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Various news outlets and researchers are saying the 2018 midterm elections will be ‘(Another) Year of the Woman’ and Midterm Election coverage continues to focus on women as a key group to watch. Samantha Pettey delves into why researchers expect such big gains by women in 2018 – which may see their representation increase to 25 percent of the US House – and why these increases are likely to be concentrated among Democrats. 

  • This article is part of our ‘Making Sense of the Midterms’ series curated by Rob Ledger (Schiller University) and Peter Finn (Kingston University) and published in tandem with the LSE US Centre’s public event on that theme on 7 November 2018

Current numbers in office and the emergence of women as candidates in 2018 

Women currently hold a historic high of 20 percent of the seats in Congress. There is hype around this number increasing in the 2018 midterms since a surge of women filed papers and won their primaries. The Center for American Women and Politics (CAWP) has tracked women at many levels of government in the 2018 election environment. Currently, 23 women are running for the 35 available Senate seats, 239 for the 435 seats in the House, 16 in the 36 gubernatorial elections, and 3,381 in 46 state legislatures. CAWP points out that these numbers alone have shattered existing records and provide good reason to expect another Year of the Woman.

When women run, they win, but the race is not always ‘even’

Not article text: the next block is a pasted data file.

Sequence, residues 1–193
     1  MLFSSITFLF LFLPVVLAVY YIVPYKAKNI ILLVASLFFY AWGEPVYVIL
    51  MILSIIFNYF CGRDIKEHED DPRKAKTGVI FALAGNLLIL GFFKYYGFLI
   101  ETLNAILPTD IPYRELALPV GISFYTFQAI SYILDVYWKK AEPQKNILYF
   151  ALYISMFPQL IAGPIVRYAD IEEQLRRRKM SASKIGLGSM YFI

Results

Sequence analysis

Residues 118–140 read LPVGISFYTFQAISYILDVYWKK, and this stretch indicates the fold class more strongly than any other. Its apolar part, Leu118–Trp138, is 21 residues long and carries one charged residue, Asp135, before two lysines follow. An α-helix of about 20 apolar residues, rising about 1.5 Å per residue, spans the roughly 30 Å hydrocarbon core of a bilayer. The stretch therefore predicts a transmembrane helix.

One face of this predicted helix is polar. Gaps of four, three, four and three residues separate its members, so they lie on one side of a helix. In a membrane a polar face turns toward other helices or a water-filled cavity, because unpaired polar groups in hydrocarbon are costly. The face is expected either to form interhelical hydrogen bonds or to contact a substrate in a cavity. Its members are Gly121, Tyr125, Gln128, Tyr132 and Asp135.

There is a popular saying that ‘when women run, they win.’ Women are no longer at a disadvantage in polls since the probability of success is equal for men and women, all else being equal. To this end, scholars also focus on female candidate emergence— since if emergence increases, success should follow.

Image credit: We the people by Alice Donovan Rouse from Unsplash

Yet, this notion tends to ignore the uphill battle most female candidates face while trying to attain office. Research suggests stereotypes of women still play a role in voters’ minds during the campaign. My colleagues and I find evidence that voter evaluations of women as leaders varies depending on the voter’s gender, candidate-quality, and gender of the candidate. We argue that looking at both candidates in the race is important and that relative assessment, rather than individual assessment, is a valuable indicator and serves as a cue to voters.

Therefore, depending on who turns out to vote, and the make-up of a given race, women may be perceived as relatively less qualified for office than their competition. And since many women are competing in competitive races in 2018, females may be at a greater disadvantage, even if they are quality candidates. In other words, ‘all else being equal’ is not always an appropriate way to examine races with female candidates. 

A closer look at the differences between Female Democrats and Republicans  

In the current Congress, about 73 percent of the women are Democrats and only 27 percent are Republican. Further, this trend is likely to continue given the 2018 primary election results favoring Democratic women. CAWP finds that for 2018, Democratic women make up about 65 percent of Senate candidates, 78 percent in the House, 75 percent of Governor candidates, and 71 percent of state legislative candidates. These findings, in combination with generic ballot support for Democrats, lend truth to a Year of the Democratic Woman. 

Expectations for Representation 

If we look at research on women as candidates and as voters and then take into account the current political environment we can see why it is looking so likely that we will see more women in the US Congress come January 2019.